Taking Paracetamol and Keeping Active Suggested as Best Cure for Back Pain

by VR Sreeraman on Nov 9 2007 4:31 PM

Australian researchers have suggested that taking Paracetamol and keeping active are the best cures for back pain. According to the Lancet, the study of 240 back pain sufferers showed that though taking anti-inflammatory drugs and spinal manipulation are recommended in several guidelines, they did not make any difference to recovery time.

In fact, the experts insisted that avoiding bed rest and taking paracetamol would work. For the study, researchers at the University of Sydney assigned patients to receive either an anti-inflammatory drug called diclofenac, a dummy drug, spinal manipulation or fake manipulation therapy.

They had already received simple treatment recommendation from their GP to keep active, avoid bed rest and take paracetamol for the pain. The research team found that there was no difference in recovery times after 12 weeks in patients who also received diclofenac or spinal manipulation. They found that almost all the patients had recovered by the end of the study no matter what treatment they had received.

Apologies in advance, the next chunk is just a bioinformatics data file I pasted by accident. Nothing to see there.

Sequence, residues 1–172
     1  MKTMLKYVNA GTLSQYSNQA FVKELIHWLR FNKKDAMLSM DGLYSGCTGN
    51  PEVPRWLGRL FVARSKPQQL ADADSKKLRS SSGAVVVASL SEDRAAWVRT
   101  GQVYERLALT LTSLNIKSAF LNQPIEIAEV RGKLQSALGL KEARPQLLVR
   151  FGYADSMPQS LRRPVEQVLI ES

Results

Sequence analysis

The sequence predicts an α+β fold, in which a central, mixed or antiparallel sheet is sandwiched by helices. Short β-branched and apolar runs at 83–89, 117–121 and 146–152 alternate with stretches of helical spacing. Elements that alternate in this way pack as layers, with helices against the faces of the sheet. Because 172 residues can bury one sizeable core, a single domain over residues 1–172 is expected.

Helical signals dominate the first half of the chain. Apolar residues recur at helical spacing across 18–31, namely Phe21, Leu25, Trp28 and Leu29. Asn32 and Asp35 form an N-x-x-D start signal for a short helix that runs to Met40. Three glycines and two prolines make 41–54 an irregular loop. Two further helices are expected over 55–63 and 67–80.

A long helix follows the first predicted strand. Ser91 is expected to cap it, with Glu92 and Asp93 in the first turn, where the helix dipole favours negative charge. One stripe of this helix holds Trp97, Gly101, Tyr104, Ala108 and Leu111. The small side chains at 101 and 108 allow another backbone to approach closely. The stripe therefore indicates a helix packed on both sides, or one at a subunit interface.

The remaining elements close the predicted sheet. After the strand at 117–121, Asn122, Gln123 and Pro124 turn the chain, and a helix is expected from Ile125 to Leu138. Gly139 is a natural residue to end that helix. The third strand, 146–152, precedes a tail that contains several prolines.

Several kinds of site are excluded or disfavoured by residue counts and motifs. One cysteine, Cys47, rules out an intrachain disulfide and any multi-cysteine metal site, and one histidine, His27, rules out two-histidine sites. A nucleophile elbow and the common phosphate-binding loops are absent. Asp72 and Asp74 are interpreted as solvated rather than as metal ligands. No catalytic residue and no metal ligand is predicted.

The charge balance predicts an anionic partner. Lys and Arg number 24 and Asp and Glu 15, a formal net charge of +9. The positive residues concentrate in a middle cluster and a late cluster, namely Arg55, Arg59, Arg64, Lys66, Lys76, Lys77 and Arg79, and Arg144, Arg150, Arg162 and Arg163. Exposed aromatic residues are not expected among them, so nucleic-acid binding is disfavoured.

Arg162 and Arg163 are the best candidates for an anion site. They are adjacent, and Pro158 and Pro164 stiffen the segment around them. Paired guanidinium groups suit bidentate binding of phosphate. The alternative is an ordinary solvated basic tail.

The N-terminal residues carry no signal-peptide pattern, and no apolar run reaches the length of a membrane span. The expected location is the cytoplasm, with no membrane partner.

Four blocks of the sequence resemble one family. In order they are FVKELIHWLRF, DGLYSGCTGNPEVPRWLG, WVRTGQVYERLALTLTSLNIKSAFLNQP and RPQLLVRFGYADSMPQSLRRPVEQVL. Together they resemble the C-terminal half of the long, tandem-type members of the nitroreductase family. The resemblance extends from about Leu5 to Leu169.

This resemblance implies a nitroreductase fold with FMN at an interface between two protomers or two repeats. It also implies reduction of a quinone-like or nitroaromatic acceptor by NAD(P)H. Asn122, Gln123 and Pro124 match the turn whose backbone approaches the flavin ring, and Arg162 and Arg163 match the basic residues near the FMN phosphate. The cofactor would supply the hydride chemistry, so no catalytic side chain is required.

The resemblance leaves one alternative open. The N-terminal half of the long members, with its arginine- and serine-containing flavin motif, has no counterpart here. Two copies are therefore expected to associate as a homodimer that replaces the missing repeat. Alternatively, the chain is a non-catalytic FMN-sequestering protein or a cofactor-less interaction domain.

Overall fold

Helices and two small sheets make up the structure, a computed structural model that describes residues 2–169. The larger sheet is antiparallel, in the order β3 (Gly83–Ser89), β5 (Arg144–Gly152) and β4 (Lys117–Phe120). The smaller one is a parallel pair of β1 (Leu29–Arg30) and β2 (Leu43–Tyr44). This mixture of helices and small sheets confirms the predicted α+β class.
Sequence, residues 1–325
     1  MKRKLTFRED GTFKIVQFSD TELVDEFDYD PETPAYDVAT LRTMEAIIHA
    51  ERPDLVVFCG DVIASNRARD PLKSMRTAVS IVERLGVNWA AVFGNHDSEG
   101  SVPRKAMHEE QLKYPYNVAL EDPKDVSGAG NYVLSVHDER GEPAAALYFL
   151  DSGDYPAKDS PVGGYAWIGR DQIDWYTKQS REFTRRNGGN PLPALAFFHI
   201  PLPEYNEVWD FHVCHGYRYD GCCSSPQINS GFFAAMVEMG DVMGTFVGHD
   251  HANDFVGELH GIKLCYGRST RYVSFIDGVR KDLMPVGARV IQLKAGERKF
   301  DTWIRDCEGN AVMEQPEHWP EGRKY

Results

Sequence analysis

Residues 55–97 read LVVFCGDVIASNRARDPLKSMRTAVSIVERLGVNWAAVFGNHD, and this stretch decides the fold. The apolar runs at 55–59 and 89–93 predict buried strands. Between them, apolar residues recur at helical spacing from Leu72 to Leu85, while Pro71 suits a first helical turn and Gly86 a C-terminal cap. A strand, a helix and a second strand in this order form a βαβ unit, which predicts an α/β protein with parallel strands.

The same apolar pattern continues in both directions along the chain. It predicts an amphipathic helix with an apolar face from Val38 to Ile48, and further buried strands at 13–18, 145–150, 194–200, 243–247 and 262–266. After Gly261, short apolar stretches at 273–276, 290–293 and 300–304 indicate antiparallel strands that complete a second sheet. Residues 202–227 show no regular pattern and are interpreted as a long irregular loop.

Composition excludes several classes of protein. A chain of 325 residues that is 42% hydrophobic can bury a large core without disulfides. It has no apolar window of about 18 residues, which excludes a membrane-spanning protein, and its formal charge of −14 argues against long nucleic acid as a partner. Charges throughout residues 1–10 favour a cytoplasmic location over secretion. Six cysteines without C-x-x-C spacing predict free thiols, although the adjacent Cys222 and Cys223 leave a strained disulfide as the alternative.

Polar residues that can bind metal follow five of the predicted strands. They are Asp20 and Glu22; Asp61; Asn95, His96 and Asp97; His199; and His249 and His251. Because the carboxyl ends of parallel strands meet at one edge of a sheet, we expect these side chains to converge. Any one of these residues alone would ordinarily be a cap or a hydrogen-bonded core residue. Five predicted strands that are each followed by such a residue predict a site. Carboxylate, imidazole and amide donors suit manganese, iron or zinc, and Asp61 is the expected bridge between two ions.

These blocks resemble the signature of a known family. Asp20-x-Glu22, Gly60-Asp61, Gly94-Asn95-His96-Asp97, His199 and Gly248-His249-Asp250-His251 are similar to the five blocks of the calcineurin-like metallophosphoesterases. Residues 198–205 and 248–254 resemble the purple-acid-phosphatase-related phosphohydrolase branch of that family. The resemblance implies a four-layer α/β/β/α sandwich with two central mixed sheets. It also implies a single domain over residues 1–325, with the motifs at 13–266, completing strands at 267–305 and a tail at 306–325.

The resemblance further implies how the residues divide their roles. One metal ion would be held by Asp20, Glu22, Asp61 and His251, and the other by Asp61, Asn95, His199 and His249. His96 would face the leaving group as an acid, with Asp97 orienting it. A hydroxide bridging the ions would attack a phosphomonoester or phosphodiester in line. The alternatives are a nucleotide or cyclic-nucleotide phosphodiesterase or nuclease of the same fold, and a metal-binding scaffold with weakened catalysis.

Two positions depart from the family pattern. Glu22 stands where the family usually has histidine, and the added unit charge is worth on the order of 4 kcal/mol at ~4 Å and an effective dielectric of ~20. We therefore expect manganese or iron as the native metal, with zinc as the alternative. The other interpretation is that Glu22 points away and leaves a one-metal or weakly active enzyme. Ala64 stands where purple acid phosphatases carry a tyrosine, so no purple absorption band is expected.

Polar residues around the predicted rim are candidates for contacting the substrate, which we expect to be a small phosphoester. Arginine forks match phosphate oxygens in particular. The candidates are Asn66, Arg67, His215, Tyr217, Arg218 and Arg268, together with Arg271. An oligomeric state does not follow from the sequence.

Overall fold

Mark Hancock, lead author of the study, said there was no clinical benefit from the additional treatments. He added that both non-steroidal anti-inflammatory drugs (NSAIDs), such as diclofenac or ibuprofen, and spinal manipulation are in fact associated with adverse effects. "GPs can manage patients confidently without exposing them to increased risks and costs associated with NSAIDs or spinal manipulative therapy," the BBC quoted him, as saying.

According to Dr Bart Koes, from the Department of General Practice at Erasmus University in the Netherlands, the results were probably applicable to other non-steroidal anti-inflammatory drugs, such as ibuprofen. "It is very likely that for many patients with acute low back pain currently treated with NSAIDs and/or spinal manipulation this would not have been needed if adequate first-line treatment with paracetamol and advice and reassurance was given," he said.

Dr Stuart Derbyshire, senior lecturer in the School of Psychology and expert in pain at the University of Birmingham, also agreed with the results of the study. "For most people, providing simple care and advice should guide the patient through their acute phase of pain and allow them to return to normal life when that acute phase is over," he said.

Nia Taylor, chief executive of BackCare said the key message for people was to keep moving.